Butter prices saw some slippage last Tuesday but rallied to close the week at $2.3875 per pound, up 4 3/4-cents on the week but 2 3/4-cents below a year ago.

Tuesday’s butter was up 2 cents, hitting $2.4075 per pound, the highest CME price since May 30, 2018, almost one year ago.

Dairy Market News says cream has been more available for butter makers, likely due to the Memorial Day holiday but plant managers saw more cream than expected the previous week. Butter demand remains at or slightly above expectations.

Western butter sales are mixed with reported declines in some areas and increases in others however the increases seem more prevalent than the declines. Cream supplies have been tightening in recent weeks and multiples are a bit up. Spot loads of cream are still available to butter makers but the volumes are lower and many are actively producing butter to insure later coverages.

CME block Cheddar closed the Friday before Memorial Day at $1.6825 per pound, up a penny on the week and 7 1/4-cents above a year ago.

The barrels finished at $1.58, down 4 1/2-cents on the week and 3 1/2-cents below year ago. Only 1 load of block sold last week, but 27 of barrel sold.

The markets were closed Memorial Day, and Tuesday’s trading left the blocks at Friday’s close of $1.6825 but the barrels dropped 3 3/4-cents, to $1.5425, 14 cents below the blocks and the lowest CME price since April 18.

DMN reported on the stark contrast this year in milk availability ahead of the Memorial Day holiday. It stated that week 21 in 2015, Central spot milk prices reached $10 under Class. Week 21 spot milk prices in 2017 and 2018 averaged $4 under and $3.50 under, respectively.

Currently, reported prices ranged from 50 cents over to $2 under Class.

“Cheese production is steady week over week, although down due to the marked difference in milk availability,” according to DMN. Cheese demand was a little more bullish this week but mostly steady. Cheese inventories remain long nationwide, but regionally they are a little more in balance.

Western contacts indicate that the backtrack on cheese prices prompted a little more interest from buyers. Domestic demand is steady and more international buyers seem willing to entertain offers. Inventories remain heavy but the seasonal draw on barrels and processed cheese products has helped bring stocks into better balance. But many cheese plants are running at or near capacity.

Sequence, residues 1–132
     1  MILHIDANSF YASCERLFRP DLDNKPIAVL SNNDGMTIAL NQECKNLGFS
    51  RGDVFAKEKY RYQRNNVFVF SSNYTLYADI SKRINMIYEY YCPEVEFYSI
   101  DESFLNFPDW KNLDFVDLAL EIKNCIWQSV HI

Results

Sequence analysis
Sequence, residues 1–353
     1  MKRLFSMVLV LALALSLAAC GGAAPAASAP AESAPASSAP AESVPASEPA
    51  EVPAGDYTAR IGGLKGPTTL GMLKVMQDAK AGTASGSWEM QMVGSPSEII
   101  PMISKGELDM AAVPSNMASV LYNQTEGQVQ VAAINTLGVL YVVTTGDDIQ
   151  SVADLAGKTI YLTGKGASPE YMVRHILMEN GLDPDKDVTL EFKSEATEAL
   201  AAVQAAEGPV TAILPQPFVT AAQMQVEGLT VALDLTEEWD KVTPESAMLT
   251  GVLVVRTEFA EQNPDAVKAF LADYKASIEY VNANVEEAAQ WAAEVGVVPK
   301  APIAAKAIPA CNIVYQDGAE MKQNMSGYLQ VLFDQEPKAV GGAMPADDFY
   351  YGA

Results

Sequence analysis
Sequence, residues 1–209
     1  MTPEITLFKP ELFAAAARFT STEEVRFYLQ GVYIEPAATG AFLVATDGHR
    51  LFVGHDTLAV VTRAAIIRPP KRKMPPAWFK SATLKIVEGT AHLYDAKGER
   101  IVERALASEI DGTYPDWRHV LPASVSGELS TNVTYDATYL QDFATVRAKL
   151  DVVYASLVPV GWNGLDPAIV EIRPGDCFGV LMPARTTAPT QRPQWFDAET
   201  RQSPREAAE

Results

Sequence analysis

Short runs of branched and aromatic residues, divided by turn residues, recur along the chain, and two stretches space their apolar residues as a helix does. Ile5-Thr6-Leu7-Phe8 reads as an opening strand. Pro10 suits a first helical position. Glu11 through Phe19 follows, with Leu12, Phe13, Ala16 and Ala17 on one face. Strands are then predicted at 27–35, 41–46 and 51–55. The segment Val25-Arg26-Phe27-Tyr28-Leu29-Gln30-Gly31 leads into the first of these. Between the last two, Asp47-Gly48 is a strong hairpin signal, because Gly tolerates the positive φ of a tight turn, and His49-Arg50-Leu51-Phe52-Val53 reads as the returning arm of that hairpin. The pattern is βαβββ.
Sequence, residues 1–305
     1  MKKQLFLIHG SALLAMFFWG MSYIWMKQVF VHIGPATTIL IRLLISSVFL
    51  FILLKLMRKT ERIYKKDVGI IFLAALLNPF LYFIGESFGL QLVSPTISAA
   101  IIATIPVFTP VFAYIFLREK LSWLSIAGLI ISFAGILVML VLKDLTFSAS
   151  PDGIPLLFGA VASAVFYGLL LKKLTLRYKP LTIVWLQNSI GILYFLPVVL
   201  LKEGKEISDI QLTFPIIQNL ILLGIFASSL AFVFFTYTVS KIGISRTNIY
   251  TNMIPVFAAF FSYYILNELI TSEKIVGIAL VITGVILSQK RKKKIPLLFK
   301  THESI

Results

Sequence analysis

Spot Grade A nonfat dry milk closed Friday at $1.0450 per pound, a quarter-cent lower on the week but 20 1/4-cents above a year ago.

The powder was unchanged Tuesday, holding at $1.0450.

CME dry whey saw a Friday close at 36 cents per pound, up 2 cents on the week but 1 1/4- cents below a year ago.

The Tuesday whey price was down three-quarters, slipping to 35 1/4-cents per pound.

Stocks build slower

The Agriculture Department’s latest Cold Storage report showed April 30 butter stocks totaled 290.8 million pounds, up 21.1 million pounds or 7.8% from March but 16.5 million pounds or 5.4% below those in April 2018.

American type cheese, which includes Cheddar, was virtually unchanged, totaling 782.6 million pounds, down 2.2 pounds from March but 2.3 million pounds above a year ago.

The Daily Dairy Report says while the decline was small, “the direction is remarkable,” pointing out that “American cheese stocks have not waned from March to April since 1993” and says it “helps to explain why the CME spot Cheddar barrel market climbed to new calendar year highs in April and traded at even greater values earlier this month.”

The other cheese category climbed to 588.5 million pounds, up 20 million pounds or 3.5% from March and 52.7 million pounds or 9.8% above a year ago.

The total cheese inventory climbed to a tad under 1.4 billion pounds, up 14.5 million pounds or 1% from March and 54 million pounds or 4.0% above a year ago and the 54th consecutive month stocks topped a year ago.

Class I up 65 cents

The Agriculture Department announced the June Federal order Class I base milk price at $17.07 per hundredweight, up 65 cents from May, $1.82 above June 2018, and the highest Class I price since January 2017.

It equates to about $1.47 per gallon, up from $1.41 in May and $1.31 a year ago. The six month Class I average stands at $15.94, up from $14.47 a year ago and compares to $16.27 in 2017.

Culling tops 2018

Dairy cow culling dropped in April from March but was above April 2018. The Agriculture Department’s latest Livestock Slaughter report shows an estimated 268,500 head were slaughtered under federal inspection, down 33,900 head from March but 19,600 head or 7.9% above a year ago. The four month total stands at 1.15 million head, up 62,100 or 5.7% from a year ago.

Columnist Lee Mielke wraps up the week’s dairy industry news.

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